Dzagoev: Even though he plays attacking midfielder, Dzagoev can really find the target sometimes.
Though he does very often have streaks of not-so-good finishing, he can get really hot and tuck away the chances with which he is provided. (Even though he didn't score a lot of goals for CSKA Moscow, this is because the scoring spotlight was occupied by others, namely Seydou Doumbia.)
Edge: Giroud wins it: he is a pure striker.
It may be getting old, but we have yet another quality lacking at Arsenal.
Complaints about too much "tippy-tappy" around the 18-yard box have arisen among Gooners, and a solution to this would be to attempt a few from outside. However, not many have the ability or confidence to try to shoot from there, and from this is born Arsenal's reputation of not shooting until they are virtually inside the goal.
Giroud: He may be an exceptional finisher, but his best area is the positioning and the composure to finish of shots. It's not really shooting from very far out.
The occasional long Giroud strike may challenge the keeper, but he isn't one of the best here.
Dzagoev: He can shoot well from far out. While some people like Drogba or Ronaldo opt for sheer power when trying to beat the keeper from distance, but not Dzagoev. He is quite good at placing long strikes past the goalie.
Edge: Dzagoev wins this.
Arteta, Walcott, and Song were the three main creators this past season.
They all somehow were creative in different ways, and van Persie got better service than people give credit to Arsenal for, and the 2011/2012 season wasn't bad, creativity-wise.
Giroud: This man is not as much of a provider as he is a finisher. He isn't one who typically gets others on the end of plays (although it happens sometimes), but he himself is the one who finishes attacks off.
Dzagoev: Statistics-wise, he isn't considered a great chance-creator, but he has attributes that help him set team mates up. He has the quality of being able to pass the ball off after drawing defenders to him.
This is because he can dribble players, so defenders converge on him, and he often wisely chooses the right ball to put a team mate through.
Edge: Dzagoev is more creative.
Center backs seem to be the only position with real strength at the Emirates: Thomas Vermaelen and Laurent Koscielny (and Per Mertesacker a bit, but not as much.) This rule, however, has the exception of Alex Song.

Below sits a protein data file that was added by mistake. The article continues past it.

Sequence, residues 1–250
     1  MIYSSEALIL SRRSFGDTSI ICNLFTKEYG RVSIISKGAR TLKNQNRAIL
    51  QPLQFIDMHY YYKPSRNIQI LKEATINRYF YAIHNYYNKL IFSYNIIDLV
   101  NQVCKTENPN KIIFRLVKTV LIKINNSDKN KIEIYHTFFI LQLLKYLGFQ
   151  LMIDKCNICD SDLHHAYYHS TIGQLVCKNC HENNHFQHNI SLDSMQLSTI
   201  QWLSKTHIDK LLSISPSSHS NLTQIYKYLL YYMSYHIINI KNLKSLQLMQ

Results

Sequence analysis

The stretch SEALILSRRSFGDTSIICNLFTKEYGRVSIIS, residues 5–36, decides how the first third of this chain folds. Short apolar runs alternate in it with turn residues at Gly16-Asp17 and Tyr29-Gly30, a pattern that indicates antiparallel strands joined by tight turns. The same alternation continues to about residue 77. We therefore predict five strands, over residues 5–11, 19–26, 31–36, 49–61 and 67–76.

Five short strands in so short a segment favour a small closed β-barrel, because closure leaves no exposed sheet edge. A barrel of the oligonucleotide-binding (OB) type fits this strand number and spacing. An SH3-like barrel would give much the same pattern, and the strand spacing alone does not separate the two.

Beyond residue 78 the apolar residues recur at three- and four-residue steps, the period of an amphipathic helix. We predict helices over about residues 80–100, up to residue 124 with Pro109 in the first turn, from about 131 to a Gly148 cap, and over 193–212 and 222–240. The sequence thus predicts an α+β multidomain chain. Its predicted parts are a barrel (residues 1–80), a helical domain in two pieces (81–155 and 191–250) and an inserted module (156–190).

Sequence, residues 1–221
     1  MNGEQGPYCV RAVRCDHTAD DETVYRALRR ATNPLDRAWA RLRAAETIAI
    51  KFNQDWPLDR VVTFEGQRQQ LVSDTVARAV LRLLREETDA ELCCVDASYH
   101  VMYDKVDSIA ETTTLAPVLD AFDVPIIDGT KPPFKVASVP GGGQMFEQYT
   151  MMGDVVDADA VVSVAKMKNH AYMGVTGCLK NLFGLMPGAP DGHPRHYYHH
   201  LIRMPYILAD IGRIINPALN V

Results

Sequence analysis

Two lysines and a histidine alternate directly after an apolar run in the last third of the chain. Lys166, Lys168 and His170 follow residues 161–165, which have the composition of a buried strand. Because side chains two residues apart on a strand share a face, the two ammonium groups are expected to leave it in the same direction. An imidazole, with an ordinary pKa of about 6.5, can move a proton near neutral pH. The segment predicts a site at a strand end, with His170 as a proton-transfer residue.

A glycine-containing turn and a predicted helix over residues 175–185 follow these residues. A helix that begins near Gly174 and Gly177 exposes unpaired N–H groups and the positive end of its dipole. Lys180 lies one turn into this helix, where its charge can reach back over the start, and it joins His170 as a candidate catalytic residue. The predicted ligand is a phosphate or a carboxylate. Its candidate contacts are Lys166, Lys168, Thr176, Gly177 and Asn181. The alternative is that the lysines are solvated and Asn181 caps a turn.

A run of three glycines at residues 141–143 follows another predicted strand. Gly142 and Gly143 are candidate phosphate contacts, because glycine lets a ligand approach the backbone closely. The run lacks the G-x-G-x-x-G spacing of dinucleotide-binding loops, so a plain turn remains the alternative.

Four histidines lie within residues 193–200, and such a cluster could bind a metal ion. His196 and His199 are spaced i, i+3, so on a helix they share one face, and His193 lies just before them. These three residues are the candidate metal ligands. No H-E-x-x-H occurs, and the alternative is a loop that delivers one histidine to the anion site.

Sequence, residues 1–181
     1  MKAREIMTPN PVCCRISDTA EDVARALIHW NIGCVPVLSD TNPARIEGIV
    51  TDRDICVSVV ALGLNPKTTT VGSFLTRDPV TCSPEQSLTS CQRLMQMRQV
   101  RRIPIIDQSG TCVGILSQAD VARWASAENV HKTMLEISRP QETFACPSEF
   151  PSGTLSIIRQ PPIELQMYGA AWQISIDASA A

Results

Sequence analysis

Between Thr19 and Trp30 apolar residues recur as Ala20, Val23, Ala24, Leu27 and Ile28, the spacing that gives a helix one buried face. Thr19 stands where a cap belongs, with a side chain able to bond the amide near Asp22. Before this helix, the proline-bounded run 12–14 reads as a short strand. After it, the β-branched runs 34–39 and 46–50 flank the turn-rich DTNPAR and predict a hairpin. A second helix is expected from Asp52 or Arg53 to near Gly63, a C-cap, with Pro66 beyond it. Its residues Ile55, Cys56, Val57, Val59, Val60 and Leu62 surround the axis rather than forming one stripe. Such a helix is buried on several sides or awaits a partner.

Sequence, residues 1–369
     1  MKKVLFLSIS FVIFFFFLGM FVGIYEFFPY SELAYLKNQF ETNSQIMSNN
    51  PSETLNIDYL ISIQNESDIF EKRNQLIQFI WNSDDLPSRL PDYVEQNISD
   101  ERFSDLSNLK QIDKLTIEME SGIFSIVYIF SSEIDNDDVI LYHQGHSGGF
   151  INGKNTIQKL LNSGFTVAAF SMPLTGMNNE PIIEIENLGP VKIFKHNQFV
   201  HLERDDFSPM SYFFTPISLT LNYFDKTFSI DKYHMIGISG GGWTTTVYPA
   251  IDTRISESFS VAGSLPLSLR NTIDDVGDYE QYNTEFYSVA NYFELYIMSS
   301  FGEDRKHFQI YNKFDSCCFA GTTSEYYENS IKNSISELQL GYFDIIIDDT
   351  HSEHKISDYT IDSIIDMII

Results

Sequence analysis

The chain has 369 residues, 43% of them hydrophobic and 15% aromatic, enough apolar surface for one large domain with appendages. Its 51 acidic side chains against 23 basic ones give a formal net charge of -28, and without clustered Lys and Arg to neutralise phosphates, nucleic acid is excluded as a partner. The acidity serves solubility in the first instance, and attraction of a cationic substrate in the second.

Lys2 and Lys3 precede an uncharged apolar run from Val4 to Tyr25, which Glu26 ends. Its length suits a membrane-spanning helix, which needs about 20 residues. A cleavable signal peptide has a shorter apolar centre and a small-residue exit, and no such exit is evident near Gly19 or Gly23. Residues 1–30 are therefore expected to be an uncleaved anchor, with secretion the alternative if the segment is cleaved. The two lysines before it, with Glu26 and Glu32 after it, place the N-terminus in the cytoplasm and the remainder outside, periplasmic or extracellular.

The possible arrival of Yann M'Vila could help in that category, but in the attack, there isn't much strength.
Giroud: At 6'4" and 194 lbs. (88 kg), Giroud cuts an imposing figure out on the pitch. His legs are very strong, and he can also fend off defenders with his upper body.
For this reason, one of his specialties is holding the ball up in the role of lone striker, a trait that very few players can do. Giroud can hold the ball up in time for Walcott, van Persie, or Gervinho to arrive, and this will be huge for Arsenal.
Dzagoev: Not as much to compliment about over here. Weighing only 154 lbs. (70 kg), he can't really muscle defenders out of his way like the Frenchman can.
Though is too thin for this, it's true that an attacking midfielder won't need to do as much as a striker.
Edge: Still, Giroud wins this.
Age: Since both are fairly young (Giroud is 25 and Dzagoev is 21), signing one or the other because the other is not going to last long is out of the question. Giroud does have more experience and is a bit more mature than Dzagoev (who sometimes does little unnecessary things).
Speed: Dzagoev has to win here. He is much quicker and faster on the ball, as well as off the ball. He is often the first one onto a ball that is loose, and this can be a huge asset for Arsenal.
This is my ideal formation for next year. (NOTE: van Persie would tuck in a little more into the middle than shown.
In this category, Giroud's signing would allow van Persie to play just off of the Frenchman, which is a role he has openly said is great for him.
I am not including other possible signings like M'Vila and Vertonghen.
Arsenal already have a surplus of players in the attacking midfield role, so I'm not sure how Dzagoev would fit in there, according to Wenger's priorities.
Doing this would allow Podolski, Gervinho, Rosicky, Oxlade-Chamberlain, and Ramsey to be considered substitutes in the second half.
To your left is what I think should be Wenger's squad for next year.
To conclude, I want to say that I think Giroud would be a much better signing, given that signing both of them is an unrealistic prediction.
Arsenal need a good poacher like Giroud who can bang in goals from almost anywhere inside the 18-yard box.
I don't think they can make a title charge, but signings can change things. A big one like Giroud can make the attack more dynamic and a left back may solidify the defence.